Triathlon Swim Training for Beginners To Intermediate Triathletes

Bilateral Breathing

By Kevin Koskella
www.triswimcoach.com

One of the most common wonders of the swimming world is, should you use alternate-side, or bilateral breathing?

Throughout my swimming career, I had always breathed to my right side only until a year ago. Why? Because breathing on my left side felt awkward and uncomfortable! This is the reason why most swimmers will breathe only on one side. Last year I had an experience that made me change my ways. I was getting a massage and my therapist noted that my left lat muscles (back) were much more developed than my right. Putting two and two together, I realized that years of right side only breathing in the pool had caused me to use these muscles on my left side far more than my right as I was balancing with my left arm while sucking air into my lungs!

The answer to the question is yes, you should use bilateral breathing, if you’re not already. The main reason is that it will balance out your stroke (as well as create symmetry in your back musculature!). The problem with breathing to one side only is that it can make your stroke lopsided. In a one-hour workout, you may roll to your breathing side 1,000 times. A lopsided stroke can become permanent in a hurry after practicing this for a while!

The benefits to breathing nearly as often to one side as the other are that using your “weak” side more frequently will help your stroke overall, and you’ll lose your “blind” side. If you are an open water swimmer, the later benefit will help you check for landmarks, avoid chop, or keep another rough swimmer from splashing water in your face (or punching you in the nose!) as you breathe.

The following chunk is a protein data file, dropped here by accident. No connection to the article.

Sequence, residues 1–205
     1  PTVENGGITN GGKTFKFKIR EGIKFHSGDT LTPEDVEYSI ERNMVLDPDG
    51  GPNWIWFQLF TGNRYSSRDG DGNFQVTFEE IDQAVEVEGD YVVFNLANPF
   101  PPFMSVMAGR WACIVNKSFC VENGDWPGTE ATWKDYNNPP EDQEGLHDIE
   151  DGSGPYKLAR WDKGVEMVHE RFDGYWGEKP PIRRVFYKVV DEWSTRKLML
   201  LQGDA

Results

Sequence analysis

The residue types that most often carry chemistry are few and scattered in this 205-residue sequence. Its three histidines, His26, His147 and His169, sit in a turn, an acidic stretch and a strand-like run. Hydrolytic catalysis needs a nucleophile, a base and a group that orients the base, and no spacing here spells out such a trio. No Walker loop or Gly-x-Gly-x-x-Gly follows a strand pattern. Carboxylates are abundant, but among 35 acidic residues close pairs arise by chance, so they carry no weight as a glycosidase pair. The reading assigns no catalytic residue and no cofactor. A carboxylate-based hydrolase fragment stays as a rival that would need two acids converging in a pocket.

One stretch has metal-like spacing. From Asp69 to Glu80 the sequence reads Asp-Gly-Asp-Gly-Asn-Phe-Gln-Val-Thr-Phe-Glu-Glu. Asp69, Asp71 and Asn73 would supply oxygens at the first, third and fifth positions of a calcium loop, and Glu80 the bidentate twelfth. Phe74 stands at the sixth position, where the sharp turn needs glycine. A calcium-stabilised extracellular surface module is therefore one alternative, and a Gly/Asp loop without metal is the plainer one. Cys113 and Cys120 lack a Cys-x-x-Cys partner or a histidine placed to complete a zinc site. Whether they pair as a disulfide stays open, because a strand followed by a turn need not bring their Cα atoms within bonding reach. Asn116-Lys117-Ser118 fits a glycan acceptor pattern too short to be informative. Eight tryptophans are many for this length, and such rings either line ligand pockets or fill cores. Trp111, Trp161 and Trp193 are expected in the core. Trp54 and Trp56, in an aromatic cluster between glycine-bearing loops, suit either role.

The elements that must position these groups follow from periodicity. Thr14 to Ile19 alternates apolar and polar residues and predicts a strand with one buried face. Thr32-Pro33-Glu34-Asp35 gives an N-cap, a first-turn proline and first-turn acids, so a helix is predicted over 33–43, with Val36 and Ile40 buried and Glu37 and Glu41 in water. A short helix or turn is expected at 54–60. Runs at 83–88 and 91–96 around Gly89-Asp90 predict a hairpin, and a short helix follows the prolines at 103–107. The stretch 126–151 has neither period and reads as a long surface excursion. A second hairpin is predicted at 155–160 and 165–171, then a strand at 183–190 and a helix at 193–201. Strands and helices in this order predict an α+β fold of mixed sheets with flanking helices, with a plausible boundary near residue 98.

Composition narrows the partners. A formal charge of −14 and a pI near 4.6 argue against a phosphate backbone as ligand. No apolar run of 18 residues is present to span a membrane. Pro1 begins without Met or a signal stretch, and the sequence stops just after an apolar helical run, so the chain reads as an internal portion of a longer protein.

The way to obtain these benefits is to practice bilateral breathing as much as possible. Often in my evening group I will have swimmers breathe every 3 or 5 strokes as part of a drill or warmdown. But by no means should this practice be limited to drill sets or long warmdowns! It will feel awkward at first, sure. But the awkwardness is easier to deal with than you may think. Regular practice of rolling to both sides to breathe will remedy this before you know it.

Some tips on how to practice bilateral breathing while keeping it interesting:

  1. Breathe to your right side on one length and to your left on the next. That way you get the oxygen you need but still develop a symmetrical stroke.
  2. Breathe to your weaker side on warm-ups, warmdowns, and slow swimming sets.
  3. Experiment with 3 left, 3 right or 4 left, 4 right until you find a comfortable pattern

Keep the goal in mind each week of breathing about the same amount to one side as the other over the course of any week of swimming. Most of all, enjoy your swim and don’t get too hung up on being exact!

About The Author
Kevin Koskella coaches masters and triathlete swimmers in San Diego, CA. He operates the website www.TriSwimCoach.com, a resource for beginning through intermediate level triathletes looking for help with swimming. The site features a free email newsletter offering tips and articles on triathlon swimming.

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Triathlon Swim Training for Beginners To Intermediate Triathletes